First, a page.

The book is very good at introducing and explaining RL itself, but does not cover how to combine it with function approximation (neural networks). The basic idea is very simple - just implement the action value function with a neural network - but doing it in practice is trickier.

If you want some very basic examples on how to implement such an agent, you ...


Brains, Sex, and Machine Learning

A great explanation of why Dropout is really good for training large neural networks, and why it's actually the same thing your brain is doing:

Recent advances in machine learning cast new light on two puzzling biological phenomena. Neurons can use the precise time of a spike to communicate a real value very accurately, but it appears that cortical neurons do not do this. Instead they send single, randomly timed spikes. This seems like a clumsy way to perform signal processing, but a recent advance in machine learning shows that sending stochastic spikes actually works better than sending precise real numbers for the kind of signal processing that the brain needs to do. A closely related advance in machine learning provides strong support for a recently proposed theory of the function of sexual reproduction. Sexual reproduction breaks up large sets of co-adapted genes and this seems like a bad ...


Reading Drive: The Surprising Truth About What Motivates Us

After mentioning that I was reading Influence to my good friend Adriennecache, she recommended Drivecache as my next book. The theme is quickly explained: While there are three different ways to motivate us - biological urges like hunger or sex, external reward & punishment, and intrinsic reward from performing a task - only intrinsic reward can consistently foster creative behavior.

Pink starts out by showing how traditional external motivation - cash bonuses et al. - overly constrain our focus, interfere with creativity, extinguish internal rewards and even lead to unethical behavior (think doctoring sales numbers to meet a bonus target). Only in special circumstances can external motivation still be useful: If a task is routine and boring to begin with, then there's not much creativity to lose.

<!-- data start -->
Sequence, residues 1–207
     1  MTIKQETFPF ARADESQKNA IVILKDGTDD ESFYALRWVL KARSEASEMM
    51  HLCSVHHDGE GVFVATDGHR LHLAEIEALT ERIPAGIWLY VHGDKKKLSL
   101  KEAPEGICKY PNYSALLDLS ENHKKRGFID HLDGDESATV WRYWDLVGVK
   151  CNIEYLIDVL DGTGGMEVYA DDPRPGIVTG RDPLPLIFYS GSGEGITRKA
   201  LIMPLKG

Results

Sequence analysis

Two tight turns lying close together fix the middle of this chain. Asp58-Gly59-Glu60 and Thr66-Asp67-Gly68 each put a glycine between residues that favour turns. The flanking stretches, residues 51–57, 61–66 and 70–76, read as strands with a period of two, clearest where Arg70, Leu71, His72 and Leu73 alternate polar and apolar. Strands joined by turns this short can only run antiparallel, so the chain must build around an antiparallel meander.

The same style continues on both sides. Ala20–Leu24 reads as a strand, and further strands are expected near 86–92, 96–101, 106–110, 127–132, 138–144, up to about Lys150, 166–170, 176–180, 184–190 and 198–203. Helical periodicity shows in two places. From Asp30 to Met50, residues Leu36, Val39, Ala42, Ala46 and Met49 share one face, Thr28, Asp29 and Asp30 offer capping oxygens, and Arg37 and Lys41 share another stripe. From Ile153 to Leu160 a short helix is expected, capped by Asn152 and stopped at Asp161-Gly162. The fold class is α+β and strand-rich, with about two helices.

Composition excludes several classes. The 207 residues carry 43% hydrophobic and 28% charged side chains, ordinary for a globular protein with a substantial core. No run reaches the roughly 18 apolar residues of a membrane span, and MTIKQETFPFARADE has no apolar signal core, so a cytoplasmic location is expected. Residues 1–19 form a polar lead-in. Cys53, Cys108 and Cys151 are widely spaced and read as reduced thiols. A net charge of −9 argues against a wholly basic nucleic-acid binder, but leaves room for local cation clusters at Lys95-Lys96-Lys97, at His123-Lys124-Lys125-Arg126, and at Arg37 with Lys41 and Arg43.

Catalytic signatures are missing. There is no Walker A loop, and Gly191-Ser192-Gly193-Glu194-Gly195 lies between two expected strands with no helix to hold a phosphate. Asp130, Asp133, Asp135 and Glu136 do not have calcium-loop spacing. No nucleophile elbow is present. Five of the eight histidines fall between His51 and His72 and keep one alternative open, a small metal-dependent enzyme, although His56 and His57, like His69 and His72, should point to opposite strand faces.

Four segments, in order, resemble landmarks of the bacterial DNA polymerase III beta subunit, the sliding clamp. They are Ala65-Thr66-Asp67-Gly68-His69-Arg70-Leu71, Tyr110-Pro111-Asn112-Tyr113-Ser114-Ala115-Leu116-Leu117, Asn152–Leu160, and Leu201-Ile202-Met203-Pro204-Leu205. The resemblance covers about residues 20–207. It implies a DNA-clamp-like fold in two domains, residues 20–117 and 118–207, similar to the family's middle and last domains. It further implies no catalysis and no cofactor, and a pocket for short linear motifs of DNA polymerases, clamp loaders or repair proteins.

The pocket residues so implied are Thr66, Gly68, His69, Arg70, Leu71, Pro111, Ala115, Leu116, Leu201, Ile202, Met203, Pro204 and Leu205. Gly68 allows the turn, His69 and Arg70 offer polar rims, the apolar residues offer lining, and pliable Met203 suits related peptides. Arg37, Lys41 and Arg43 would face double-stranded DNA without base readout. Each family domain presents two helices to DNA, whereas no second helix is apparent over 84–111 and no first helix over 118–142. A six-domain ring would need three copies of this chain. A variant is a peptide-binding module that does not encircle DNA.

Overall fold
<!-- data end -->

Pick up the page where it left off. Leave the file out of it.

He then makes the case for why intrinsic motivation is better suited to our highly evolved and demanding work environments. Everyone who's ever been ...


Relevant Reading

How much of what you read today would you still want to read if it was a week from now? A year? A decade, a century?

Too much of the information hammering us is ephemeral infotainment, not enough brings lasting value.

The test I apply is simple: would I still want to read this if I had to wait a year, even if it was the only thing I could read that day?


Taking Notes

I always thought taking notes was a waste of time. Surely you could just look back at the slides if you forgot something?

But I realized I might have had it backwards all this time. What if you take notes not to have something to refer to, but because it forces you to listen with greater attention and strengthens your memory?

To really take notes you need to understand the subject well enough to pick out the key phrases and concepts in real time, all while the lecturer is speaking on and on. It's similar to how actually doing the exercises in your textbook will make you realize very quickly which parts you've understood, and which parts just sounded vaguely plausible.